HUGHESVILLE - Ghost-free until otherwise proven. That's the philosophy of Phenomenon and Paranormal Investigations, a three-year-old paranormal research group based in Ulster.
PPI founder and lead investigator Chris Pike and investigator Caleb King presented some of the group's findings at Hughesville Public Library on March 13.
" 'Truth in Evidence' is our mission," Pike said. "We always enter with the mindset (the investigation site) isn't haunted."
Pike emphasized that all pictures, video and audio clips PPI displayed, for an audience of more than 40, were unaltered because they were recorded.
"We don't use psychics or mediums; we use our equipment," he said.
Pike first conceived of PPI in the summer of 2008 after two supernatural experiences.
In the first, in 2007, he had a vivid dream, or "subconscious encounter," with a friend who had passed more than five years before.
The second experience, that fully confirmed Pike's belief in the paranormal, occurred when he had his car alarm go off one evening for no apparent reason, then saw movement and smelled the distinct scent of a coworker at the same time that he later learned had died in an automobile accident.
The team now numbers seven, and has investigated 33 locations. PPI is funded out of pocket, as a hobby, and the organization does not charge any fees, though there is a significant amount of equipment required to carry out the inquiries.
Some of the equipment are consumer electronics, like video cameras and motion detectors, which the team sets up on floors where they expect the least activity.
Other tools are more specialized, like professional lighting trees that include infrared bulbs, radio frequency and electromagnetic field detectors, and supersized battery packs for the cameras.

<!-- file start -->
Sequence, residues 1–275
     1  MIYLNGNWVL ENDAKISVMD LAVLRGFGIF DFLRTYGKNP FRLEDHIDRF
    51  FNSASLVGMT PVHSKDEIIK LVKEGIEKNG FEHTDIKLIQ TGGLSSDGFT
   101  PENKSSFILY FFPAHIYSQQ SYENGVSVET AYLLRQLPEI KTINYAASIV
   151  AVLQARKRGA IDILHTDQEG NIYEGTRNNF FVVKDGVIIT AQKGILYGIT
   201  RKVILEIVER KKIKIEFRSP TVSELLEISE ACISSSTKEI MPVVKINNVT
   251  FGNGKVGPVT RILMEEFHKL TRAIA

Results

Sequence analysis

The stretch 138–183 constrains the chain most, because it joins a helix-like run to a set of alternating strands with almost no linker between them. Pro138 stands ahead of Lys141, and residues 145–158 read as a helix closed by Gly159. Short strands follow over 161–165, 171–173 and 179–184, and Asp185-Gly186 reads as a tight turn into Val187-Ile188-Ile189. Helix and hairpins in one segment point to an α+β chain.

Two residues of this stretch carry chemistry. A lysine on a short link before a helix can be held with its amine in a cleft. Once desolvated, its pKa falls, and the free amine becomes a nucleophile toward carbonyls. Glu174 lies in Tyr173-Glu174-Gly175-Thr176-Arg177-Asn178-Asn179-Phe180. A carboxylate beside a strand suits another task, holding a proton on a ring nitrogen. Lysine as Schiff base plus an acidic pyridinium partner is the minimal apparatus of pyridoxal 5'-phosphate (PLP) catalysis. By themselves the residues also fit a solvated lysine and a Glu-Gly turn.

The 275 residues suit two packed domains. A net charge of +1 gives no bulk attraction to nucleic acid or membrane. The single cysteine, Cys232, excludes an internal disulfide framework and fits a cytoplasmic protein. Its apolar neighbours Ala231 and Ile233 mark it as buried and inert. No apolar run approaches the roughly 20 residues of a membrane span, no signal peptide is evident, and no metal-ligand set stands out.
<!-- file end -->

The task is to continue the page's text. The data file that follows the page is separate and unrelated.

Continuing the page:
The team makes equipment that it cannot afford, if possible.
They use a surprisingly effective parabolic microphone made from a "SonicEar" hearing amplifier bought off the shelf, that was then taped into a Tupperware container and is held with a paint roller handle.
Including the stereo headphones, the microphone cost about $25. The dish-shaped devices, often used on football sidelines for picking up sounds of the game, retail, on the low end, for $15,000, Pike said.
There are several varieties of paranormal phenomena, each with distinct characteristics.
Most often, PPI investigates "intelligent" hauntings. These are the common spirits of man or beast that stay in a place after death, said Pike.
"If Fred was a jerk in life, he'll be a jerk in the afterlife," Pike said.
"Residual" events can be thought of as a replay; Pike gives the example of the Gettysburg battlefield on its anniversary. Poltergeists are caused by energy given off by human emotions.
If you suspect a demonic haunting - characterized by an increasing aggressiveness - action should be taken immediately, said Pike.
"If you want to go the church route and do the exorcism, they like to have proof," Pike said. "That's where we come in."
PPI investigations that have revealed hauntings, according to Pike, include the Mill Hill Manor in Canton. In one room, the team had some 1,500 batteries die while taking photographs and video.
King played "electronic voice phenomena" captured on tape at Avondale Mine, Plymouth, site of the third-largest mine disaster in United States history.
They also showed video of coins rattling about the hallway of a private home in Bradford County, thrown by apparently nothing.
Pike said that throughout the night the presence started throwing dishes, but the video goes to white when that happens. The home is on its third family in the past year.
This summer, PPI is taking advantage of Pike's contacts from his service in the Navy and going to Seneca Lake, N.Y., to investigate the Seneca Lake monster, using unmanned underwater submarines equipped with cameras.
Findings and information from all their investigations is available at ppi investigations.com.